Aircraft Tax Break Debate Heats Up

General aviation advocates fight back against suggested tax changes.

Obama Big

Obama Big

As President Obama made the rounds in Iowa during his Midwestern bus tour earlier this week, hundreds of general aviation advocates gathered in the state to send a political message of their own, one that fought back against the administration’s recent criticism of aviation tax breaks.

The General Aviation Manufacturers Association (GAMA) organized a rally on Wednesday in partnership with Rockwell Collins and Goodrich Corp., two GA companies with operations in Iowa. In addition to the hundreds of workers and state and local officials in attendance, several members of Congress were also present.

Leaders at the rally encouraged aviation workers and advocates to speak out against what GAMA president and CEO Pete Bunce calls the Obama administration’s “demonizing” of the aviation industry. They touted the trade surplus and job creation general aviation provides in the United States, and reiterated their desire to work with Congress to ensure a full recovery of the industry.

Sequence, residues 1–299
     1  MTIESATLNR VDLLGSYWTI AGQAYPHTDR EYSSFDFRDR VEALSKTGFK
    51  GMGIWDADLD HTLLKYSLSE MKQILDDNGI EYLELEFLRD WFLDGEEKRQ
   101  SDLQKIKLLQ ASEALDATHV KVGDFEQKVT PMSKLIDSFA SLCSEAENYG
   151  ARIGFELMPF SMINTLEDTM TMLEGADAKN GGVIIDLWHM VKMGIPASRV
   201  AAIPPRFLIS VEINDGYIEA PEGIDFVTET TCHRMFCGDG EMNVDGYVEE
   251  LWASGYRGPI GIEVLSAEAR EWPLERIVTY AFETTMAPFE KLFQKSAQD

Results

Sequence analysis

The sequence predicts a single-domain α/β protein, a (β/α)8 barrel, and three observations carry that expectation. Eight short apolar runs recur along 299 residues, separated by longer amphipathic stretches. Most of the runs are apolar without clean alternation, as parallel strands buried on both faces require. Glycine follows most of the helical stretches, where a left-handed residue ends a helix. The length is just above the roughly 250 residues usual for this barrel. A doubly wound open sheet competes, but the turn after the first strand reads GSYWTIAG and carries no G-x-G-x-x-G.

“In the current economic environment, it is important that we capitalize on the things that are working. Fortunately, you don’t have to look any further than general aviation to find the perfect example,” said Rockwell Collins chairman, president and CEO Clay Jones.

Obama recently triggered a backlash among GA companies and enthusiasts when he suggested that corporate aircraft tax breaks be cut due to the country’s current economic difficulties. His comments called for changes to current tax rules that allow business owners to write-off corporate aircraft over a five-year period.